What emerges from this comparative study is, most clearly, a conflict around what “counts” as ethnography – a debate familiar to EPIC community but one that is often unacknowledged in the design studio itself. Findings from both designer interviews and content analysis of their studio’s online presence suggest that considerations around ethnographic practice are challenged in two key ways. First, though designers are tasked with the use of ethnographic methods in the implicit promises offered by their studio’s promotional discourse, they are untrained and uninformed about the conventions and values of ethnographic practice. Second, out of negotiation and necessity, designers in the studio setting have developed unique ways of interpreting ethnographic methods to their own use, engaging in a hybrid method assemblage consisting of proxy audience membership, performance and praxiography to justify and qualify their abductive thinking practices.
By examining the ways in which designers substitute a hybrid methodological assemblage of performance, proxy audience membership and praxiography for the ethnographic promises of their studio, we see how designers make use of ethnography in their effort to clarify the ‘fuzzy front end’ of innovation. This paper will confirm the potential contribution that ethnographic work can have within an innovation focused setting, while challenging the existence of a purely ethnographic practice in design studios. Themes arising from the comparative analysis of both the online promotional rhetoric and the interview responses of designers indicate that, as a result of this tension, designers are generating innovative insight not through the use of ethnographic methods celebrated and promoted in their studio promotions, but by mobilizing forms of empathic and embodied knowledge – knowledge that resides within the designers and is reused, repatriated and reconfigured to fit the creative brief at hand. This process of negotiation presents a new view into how the “other” fields have appropriate the floating signifier of ethnography for their own means.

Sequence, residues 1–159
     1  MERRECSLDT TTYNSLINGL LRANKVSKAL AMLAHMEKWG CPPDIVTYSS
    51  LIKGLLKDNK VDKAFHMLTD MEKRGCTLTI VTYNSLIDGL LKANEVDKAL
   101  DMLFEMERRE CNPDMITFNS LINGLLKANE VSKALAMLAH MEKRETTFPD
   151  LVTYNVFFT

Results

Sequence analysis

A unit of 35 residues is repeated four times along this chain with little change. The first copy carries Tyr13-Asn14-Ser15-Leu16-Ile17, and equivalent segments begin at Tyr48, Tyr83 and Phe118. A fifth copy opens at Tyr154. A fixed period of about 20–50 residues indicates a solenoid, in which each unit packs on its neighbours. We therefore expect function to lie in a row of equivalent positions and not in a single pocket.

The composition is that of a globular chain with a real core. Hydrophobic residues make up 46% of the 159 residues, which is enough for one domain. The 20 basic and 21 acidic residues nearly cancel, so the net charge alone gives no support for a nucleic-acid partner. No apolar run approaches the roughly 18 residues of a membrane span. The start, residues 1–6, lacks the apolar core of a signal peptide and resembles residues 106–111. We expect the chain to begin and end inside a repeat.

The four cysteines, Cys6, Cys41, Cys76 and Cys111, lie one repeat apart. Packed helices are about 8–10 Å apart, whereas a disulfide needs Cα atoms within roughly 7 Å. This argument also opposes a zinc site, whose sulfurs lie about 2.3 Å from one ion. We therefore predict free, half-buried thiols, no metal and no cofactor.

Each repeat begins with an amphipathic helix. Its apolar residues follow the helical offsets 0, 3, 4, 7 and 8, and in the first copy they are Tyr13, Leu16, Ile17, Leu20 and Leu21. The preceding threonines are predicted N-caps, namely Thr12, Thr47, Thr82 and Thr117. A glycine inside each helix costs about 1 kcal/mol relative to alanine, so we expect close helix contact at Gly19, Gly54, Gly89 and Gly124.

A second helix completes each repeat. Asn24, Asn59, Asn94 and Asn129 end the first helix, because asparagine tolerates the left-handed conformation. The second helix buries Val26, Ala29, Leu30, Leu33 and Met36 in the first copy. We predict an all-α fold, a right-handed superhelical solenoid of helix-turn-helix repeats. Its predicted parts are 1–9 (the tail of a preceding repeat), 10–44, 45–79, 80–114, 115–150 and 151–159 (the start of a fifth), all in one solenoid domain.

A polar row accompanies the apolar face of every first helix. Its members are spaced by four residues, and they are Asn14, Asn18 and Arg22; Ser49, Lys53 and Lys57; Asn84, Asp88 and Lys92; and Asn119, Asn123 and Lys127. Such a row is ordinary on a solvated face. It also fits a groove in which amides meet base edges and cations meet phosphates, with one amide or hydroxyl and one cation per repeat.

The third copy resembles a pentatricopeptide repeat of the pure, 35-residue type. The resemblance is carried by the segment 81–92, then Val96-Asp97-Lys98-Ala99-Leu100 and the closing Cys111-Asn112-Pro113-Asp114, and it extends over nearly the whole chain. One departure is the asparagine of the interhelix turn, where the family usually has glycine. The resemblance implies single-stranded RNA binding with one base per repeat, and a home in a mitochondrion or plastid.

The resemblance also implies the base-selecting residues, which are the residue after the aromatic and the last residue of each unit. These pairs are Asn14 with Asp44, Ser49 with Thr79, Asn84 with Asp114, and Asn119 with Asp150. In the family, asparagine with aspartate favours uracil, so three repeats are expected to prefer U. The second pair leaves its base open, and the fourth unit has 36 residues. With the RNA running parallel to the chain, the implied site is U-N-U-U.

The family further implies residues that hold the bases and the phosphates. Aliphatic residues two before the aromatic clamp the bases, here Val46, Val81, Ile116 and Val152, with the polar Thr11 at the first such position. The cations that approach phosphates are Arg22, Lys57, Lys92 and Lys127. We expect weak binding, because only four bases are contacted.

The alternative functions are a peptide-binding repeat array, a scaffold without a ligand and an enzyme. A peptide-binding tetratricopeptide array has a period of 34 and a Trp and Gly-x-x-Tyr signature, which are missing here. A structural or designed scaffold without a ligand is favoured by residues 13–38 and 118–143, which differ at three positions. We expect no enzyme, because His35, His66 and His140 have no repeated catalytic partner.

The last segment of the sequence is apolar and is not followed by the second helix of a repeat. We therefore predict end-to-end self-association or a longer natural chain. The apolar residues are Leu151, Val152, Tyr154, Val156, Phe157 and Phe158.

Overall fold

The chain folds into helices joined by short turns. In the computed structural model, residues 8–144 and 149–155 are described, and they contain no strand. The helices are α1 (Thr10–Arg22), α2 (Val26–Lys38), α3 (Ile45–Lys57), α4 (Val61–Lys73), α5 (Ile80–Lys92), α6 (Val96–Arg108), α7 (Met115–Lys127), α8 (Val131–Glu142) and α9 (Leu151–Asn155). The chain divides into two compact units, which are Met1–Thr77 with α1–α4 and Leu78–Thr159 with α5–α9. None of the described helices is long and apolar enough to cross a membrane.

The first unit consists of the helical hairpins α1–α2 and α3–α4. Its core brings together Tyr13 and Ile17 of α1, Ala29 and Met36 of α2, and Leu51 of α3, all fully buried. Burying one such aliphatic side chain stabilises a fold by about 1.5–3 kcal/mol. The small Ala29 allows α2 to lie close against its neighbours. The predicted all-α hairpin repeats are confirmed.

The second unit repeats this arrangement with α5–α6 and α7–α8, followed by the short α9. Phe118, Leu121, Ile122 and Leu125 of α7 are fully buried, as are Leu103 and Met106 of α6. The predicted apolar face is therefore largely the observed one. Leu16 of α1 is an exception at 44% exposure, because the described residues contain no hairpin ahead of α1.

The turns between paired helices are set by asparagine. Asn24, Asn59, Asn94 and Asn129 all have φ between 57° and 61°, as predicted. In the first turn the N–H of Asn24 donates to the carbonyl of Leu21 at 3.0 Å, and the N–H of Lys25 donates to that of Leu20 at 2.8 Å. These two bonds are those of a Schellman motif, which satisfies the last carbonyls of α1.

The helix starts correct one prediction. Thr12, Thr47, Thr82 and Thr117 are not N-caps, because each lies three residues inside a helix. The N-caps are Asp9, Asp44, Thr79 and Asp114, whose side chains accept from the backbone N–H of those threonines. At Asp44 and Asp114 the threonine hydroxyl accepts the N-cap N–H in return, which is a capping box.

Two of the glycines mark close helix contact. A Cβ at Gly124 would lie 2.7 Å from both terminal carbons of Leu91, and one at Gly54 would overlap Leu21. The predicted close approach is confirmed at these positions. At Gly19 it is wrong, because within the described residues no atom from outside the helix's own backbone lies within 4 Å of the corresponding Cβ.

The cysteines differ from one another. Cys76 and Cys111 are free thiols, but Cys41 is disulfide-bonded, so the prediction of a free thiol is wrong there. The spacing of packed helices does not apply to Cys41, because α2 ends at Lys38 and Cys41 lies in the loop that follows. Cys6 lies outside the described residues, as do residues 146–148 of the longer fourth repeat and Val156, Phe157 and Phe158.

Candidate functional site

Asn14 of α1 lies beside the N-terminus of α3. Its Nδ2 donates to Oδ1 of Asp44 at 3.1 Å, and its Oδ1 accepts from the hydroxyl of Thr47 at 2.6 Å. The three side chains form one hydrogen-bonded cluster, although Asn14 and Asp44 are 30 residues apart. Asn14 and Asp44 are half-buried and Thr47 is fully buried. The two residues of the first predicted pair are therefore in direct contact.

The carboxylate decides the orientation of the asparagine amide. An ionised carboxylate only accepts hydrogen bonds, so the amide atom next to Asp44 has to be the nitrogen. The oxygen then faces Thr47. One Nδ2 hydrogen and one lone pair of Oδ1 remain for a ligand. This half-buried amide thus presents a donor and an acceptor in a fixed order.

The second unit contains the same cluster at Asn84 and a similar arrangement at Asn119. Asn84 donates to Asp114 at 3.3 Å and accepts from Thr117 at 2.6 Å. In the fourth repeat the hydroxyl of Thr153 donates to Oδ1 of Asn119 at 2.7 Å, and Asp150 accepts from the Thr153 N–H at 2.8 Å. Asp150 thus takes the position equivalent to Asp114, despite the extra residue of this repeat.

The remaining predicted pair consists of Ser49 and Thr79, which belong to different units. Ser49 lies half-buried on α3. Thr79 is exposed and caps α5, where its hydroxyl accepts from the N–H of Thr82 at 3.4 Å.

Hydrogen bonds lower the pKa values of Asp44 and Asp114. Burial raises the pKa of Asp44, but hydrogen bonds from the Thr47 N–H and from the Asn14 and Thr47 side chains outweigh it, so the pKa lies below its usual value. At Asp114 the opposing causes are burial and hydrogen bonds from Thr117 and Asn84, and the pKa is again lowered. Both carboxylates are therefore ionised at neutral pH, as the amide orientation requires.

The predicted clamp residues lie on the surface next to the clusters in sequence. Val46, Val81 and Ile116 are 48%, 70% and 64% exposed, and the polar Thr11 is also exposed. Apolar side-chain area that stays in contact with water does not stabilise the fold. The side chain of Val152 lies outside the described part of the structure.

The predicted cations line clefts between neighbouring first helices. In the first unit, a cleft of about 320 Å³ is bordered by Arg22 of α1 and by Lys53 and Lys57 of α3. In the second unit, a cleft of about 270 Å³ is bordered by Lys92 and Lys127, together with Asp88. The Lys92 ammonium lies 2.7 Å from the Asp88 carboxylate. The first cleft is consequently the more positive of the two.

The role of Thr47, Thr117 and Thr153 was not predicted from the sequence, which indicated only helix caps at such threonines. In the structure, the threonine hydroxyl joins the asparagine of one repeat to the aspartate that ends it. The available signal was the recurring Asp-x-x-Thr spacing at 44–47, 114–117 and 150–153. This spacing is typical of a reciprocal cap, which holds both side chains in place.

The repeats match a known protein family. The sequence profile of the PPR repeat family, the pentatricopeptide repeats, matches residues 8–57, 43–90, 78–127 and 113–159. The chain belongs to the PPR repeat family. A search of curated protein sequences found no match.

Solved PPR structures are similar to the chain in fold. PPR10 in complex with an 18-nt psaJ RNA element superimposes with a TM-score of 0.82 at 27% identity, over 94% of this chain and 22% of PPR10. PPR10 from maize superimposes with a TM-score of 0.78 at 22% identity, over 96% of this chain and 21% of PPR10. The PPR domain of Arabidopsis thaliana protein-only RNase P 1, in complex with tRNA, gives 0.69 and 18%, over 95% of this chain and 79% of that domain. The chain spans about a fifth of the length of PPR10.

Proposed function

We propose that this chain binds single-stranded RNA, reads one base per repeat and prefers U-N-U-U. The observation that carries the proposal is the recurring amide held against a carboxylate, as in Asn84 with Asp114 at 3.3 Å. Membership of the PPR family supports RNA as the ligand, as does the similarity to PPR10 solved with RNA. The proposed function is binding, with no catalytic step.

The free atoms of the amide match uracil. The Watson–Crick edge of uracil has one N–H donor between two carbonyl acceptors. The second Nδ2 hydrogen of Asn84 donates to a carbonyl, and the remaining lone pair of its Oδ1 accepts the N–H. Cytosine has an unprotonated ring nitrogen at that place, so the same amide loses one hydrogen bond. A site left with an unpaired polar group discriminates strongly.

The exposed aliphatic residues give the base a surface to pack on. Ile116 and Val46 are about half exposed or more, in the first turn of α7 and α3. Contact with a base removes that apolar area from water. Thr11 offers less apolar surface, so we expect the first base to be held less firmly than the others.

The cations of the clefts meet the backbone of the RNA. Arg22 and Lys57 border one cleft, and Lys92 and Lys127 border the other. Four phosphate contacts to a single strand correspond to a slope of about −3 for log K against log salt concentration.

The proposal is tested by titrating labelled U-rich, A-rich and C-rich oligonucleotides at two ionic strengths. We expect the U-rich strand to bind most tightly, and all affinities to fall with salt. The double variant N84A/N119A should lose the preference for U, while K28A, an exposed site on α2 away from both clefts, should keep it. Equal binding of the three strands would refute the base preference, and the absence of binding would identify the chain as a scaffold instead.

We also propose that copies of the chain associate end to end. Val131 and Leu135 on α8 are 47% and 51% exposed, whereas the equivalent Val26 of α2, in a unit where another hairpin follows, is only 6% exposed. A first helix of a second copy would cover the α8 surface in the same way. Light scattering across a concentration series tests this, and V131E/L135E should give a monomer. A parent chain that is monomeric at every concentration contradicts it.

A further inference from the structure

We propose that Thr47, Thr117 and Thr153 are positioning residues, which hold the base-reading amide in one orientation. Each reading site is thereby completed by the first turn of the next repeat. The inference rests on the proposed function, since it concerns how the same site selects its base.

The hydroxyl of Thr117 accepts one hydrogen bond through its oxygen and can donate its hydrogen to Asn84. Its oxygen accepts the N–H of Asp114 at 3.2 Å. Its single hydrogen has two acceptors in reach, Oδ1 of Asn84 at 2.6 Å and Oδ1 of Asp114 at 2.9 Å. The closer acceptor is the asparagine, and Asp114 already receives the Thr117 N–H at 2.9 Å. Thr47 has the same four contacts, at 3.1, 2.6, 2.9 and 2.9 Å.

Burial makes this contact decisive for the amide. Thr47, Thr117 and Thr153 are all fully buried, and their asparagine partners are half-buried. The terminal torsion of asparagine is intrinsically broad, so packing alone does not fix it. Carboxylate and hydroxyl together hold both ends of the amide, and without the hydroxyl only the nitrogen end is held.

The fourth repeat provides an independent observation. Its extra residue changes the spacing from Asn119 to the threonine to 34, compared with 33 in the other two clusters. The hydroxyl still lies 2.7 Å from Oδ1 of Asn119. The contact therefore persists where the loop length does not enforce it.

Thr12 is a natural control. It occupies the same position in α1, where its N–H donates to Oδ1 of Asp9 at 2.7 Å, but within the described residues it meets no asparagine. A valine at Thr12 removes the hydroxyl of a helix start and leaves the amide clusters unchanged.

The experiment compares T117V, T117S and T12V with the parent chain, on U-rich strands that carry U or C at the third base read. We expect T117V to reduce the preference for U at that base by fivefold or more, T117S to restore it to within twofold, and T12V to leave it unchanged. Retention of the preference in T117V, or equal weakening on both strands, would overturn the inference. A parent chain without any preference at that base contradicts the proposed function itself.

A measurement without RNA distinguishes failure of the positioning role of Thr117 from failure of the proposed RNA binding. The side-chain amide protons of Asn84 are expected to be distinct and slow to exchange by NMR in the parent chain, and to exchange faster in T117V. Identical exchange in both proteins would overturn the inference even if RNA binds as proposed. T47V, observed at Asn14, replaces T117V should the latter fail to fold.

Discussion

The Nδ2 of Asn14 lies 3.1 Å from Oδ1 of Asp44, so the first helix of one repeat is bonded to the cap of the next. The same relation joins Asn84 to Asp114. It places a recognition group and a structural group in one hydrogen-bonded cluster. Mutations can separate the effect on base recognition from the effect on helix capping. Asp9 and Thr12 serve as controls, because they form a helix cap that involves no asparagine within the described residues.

Design Practice and the Practice of Ethnography
An examination of ways in which designers interpret, practice and negotiate the use of ethnographic methods in the studio setting is reliant on a wide literature of work – most notably contributions from the field of design studies which establish the role of observational and ethnographic field work within innovation focused design processes. The role of observational and ethnographic work in developing innovation (Hawkins & Davis, 2012; Utterback, 2006), in examining “use before use” (Redström, 2008, p. 241), and as an instigator of design thinking (Brown, 2009; Cross, 2011; Rowe, 1987) is foundational both to the integration of ethnographic methods in design practice, and to the analysis of design practice as a research method unto itself (Dorst, 2011). The use of ethnography in design practice has been identified as a key function of service, experience and future oriented design work (Lindley, Sharma and Potts, 2014; Kjærsgaard, Gislev & Charlotte Smith, 2014) and is defined by its adaptation to collaborative research, limited time frames, and iterative applications (Crabtree, Andrew, Rouncefield, Mark, et al. 2012).